Configuring Blip

There will be a number of thing that you will either have to tweek in this code depending on what you're connecting to. Listed below are the things you should need to change. I've connected to three modem pools, and each one of them required different parameters.


The Force variable is set when you want to kill it dead, no questions asked.

The mach variable is the machine name (from /etc/uucp/Systems entry) that you want to connect to.

Every connection will have something distinctive in the netstat output, for instance when I connect to, netstat will always show acns as part of the connections I make. Set this to something reliable.

success_string="Your IP address"
Set the success_string variable to something(s) that you get when the connection get's made correctly, and it can continue processing.

failure_string="NO CARRIER"
Set the failure_stringvariable to something(s) that you get when the connection didn't work, for example busy signals, incorrect password verification, etc...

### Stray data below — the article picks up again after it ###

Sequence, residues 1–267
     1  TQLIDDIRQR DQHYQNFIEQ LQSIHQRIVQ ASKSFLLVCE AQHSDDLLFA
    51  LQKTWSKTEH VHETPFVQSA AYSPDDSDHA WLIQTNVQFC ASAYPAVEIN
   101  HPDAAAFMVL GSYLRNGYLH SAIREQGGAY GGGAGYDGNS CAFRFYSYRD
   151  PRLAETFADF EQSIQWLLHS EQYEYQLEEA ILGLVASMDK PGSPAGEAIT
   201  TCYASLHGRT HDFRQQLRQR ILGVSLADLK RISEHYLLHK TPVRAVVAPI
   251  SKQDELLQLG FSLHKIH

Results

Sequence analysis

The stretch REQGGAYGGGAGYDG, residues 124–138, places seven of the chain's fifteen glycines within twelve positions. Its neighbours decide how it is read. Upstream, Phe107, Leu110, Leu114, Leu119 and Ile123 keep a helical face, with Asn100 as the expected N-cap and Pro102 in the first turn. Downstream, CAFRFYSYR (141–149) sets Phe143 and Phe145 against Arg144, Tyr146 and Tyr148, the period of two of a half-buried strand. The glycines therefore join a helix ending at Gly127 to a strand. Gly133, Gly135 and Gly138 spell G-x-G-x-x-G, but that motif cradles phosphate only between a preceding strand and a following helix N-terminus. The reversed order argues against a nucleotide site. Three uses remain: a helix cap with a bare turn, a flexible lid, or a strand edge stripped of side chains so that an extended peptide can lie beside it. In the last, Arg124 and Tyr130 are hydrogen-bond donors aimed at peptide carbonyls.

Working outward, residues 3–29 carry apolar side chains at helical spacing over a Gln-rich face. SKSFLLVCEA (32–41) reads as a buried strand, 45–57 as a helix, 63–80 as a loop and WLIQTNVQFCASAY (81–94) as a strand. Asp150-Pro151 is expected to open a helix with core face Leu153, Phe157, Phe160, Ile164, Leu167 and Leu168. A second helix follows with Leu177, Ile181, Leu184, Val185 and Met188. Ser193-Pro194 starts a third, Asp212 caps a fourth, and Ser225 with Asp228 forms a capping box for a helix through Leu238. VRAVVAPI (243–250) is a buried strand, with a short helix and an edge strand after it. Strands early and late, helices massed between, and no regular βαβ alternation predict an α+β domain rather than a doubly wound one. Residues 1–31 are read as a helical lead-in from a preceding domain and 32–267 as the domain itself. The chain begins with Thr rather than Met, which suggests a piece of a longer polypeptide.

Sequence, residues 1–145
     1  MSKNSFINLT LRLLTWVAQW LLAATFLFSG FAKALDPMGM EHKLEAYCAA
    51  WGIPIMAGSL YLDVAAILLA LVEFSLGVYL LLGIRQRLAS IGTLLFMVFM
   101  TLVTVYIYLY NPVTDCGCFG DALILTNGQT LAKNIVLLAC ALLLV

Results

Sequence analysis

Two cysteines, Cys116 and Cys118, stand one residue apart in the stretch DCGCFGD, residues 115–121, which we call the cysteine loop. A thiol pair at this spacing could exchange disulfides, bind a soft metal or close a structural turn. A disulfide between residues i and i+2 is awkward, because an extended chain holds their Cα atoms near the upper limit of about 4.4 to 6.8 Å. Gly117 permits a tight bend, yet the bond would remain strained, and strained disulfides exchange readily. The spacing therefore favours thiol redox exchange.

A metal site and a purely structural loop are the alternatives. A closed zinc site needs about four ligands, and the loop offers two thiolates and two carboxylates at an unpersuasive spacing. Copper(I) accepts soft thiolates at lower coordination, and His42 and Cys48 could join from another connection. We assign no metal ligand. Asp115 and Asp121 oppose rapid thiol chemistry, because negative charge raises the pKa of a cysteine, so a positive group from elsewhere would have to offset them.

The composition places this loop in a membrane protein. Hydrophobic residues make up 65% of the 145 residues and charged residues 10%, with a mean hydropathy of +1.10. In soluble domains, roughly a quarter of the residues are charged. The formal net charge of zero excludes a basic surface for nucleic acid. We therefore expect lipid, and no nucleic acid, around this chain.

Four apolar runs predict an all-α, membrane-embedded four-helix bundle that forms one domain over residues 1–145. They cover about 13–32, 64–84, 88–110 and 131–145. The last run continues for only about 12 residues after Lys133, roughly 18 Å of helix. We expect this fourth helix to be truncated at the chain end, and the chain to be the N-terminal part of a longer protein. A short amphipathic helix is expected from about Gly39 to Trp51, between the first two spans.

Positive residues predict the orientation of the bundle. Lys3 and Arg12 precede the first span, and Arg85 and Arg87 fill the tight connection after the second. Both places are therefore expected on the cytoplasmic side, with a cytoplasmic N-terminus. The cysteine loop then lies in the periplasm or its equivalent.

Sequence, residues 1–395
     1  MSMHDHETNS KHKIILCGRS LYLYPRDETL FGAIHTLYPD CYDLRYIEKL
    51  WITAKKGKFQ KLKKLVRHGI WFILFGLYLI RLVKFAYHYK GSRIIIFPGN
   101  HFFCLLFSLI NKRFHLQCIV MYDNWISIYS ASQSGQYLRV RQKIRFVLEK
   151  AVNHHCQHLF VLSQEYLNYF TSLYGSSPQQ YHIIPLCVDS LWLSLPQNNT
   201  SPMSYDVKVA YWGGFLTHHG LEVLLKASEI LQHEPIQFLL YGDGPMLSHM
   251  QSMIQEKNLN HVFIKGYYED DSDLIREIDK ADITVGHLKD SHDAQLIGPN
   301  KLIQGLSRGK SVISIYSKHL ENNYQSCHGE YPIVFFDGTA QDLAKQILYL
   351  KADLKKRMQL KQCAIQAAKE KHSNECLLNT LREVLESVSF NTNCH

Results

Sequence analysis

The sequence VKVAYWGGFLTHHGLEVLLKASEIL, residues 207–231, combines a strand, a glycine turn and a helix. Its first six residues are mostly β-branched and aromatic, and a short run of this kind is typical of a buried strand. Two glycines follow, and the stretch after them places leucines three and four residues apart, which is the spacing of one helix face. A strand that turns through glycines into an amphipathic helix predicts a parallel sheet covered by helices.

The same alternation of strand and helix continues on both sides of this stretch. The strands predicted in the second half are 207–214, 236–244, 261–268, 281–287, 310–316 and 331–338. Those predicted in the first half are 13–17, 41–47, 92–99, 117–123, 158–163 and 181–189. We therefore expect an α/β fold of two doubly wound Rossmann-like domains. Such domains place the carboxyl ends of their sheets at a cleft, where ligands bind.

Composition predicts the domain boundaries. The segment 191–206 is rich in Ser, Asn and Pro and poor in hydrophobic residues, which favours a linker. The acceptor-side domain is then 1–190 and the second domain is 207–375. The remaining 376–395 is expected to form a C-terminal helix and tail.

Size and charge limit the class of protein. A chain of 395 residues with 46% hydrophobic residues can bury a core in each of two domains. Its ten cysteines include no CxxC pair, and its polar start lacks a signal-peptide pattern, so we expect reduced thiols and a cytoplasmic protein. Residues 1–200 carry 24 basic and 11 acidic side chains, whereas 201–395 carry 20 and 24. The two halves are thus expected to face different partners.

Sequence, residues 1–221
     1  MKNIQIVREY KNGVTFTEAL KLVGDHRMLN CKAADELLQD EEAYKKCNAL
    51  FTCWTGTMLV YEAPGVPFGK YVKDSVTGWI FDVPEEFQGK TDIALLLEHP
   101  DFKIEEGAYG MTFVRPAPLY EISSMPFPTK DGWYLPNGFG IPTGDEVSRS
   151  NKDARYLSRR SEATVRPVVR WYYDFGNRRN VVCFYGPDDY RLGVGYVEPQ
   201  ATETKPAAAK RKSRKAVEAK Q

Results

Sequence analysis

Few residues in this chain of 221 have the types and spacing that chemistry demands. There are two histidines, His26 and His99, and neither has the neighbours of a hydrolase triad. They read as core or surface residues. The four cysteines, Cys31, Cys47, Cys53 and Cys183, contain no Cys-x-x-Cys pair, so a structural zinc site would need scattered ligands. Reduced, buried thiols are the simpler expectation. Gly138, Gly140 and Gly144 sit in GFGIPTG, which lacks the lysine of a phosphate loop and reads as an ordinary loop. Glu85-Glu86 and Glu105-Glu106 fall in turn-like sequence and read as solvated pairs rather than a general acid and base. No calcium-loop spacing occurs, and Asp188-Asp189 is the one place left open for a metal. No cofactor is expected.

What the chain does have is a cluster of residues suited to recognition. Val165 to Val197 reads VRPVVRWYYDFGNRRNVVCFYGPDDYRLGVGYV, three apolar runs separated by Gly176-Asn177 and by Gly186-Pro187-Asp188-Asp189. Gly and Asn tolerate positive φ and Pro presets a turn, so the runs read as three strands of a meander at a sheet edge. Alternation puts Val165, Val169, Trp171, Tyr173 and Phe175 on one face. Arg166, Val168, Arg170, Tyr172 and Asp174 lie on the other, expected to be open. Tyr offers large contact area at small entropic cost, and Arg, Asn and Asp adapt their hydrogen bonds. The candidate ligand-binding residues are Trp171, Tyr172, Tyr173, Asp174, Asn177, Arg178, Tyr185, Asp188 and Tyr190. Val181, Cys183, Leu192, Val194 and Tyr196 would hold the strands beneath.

Set this to the route you should use. For instance, when I connect to 129.105.9.XXX, I always have to route via anyway. Go fig.

Set this to the appropriate netmask.

Set this to wherever you want the little blip blurb.

Reasons for this file:

  1. Xconfirm can only take 10 command line elements.
  2. Because of the font I like, the spacing is funky.

Inside the Connect Function

/usr/etc/slip -dd -cp cslip -m $netmask -u $mach &
Remove the -c if you don't want it to redial if it loses the connection.
Change cslip if you want something other than Van Jacobson Compression.

node=`egrep "Your IP address" /tmp/slip.out  | awk -F.  '{ print $5 }'`
/usr/etc/ifconfig sl0 129.105.9.$node netmask $netmask
When entering slip mode, the modem pool echoes "Your IP address is 129.105.9.XXX" so I grep this last number (the only one that isn't constant) and use this in the ifconfig'ing. If your server has a wider range of IP addresses, you will have to modify these two lines further.

remove=`netstat -r | grep default | awk '{print $1  "  " $2}'`
/usr/etc/route delete $remove

/usr/etc/route add net default $default_route 1 
These three lines aren't necessary if you only connect to the same place, but occasionally I do connect elsewhere, and this insures that the route is made each time.

This is a good place to include anything additional that you want run at connection time.